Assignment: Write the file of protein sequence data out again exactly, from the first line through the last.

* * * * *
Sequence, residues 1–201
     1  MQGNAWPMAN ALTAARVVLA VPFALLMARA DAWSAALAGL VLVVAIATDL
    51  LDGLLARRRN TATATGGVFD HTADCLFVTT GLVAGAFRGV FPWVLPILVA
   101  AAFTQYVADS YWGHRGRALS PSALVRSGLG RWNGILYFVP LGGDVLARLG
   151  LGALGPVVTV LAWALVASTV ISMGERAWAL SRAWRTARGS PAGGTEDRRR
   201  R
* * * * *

Sequence, residues 1–201
     1  MQGNAWPMAN ALTAARVVLA VPFALLMARA DAWSAALAGL VLVVAIATDL
    51  LDGLLARRRN TATATGGVFD HTADCLFVTT GLVAGAFRGV FPWVLPILVA
   101  AAFTQYVADS YWGHRGRALS PSALVRSGLG RWNGILYFVP LGGDVLARLG
   151  LGALGPVVTV LAWALVASTV ISMGERAWAL SRAWRTARGS PAGGTEDRRR
   201  R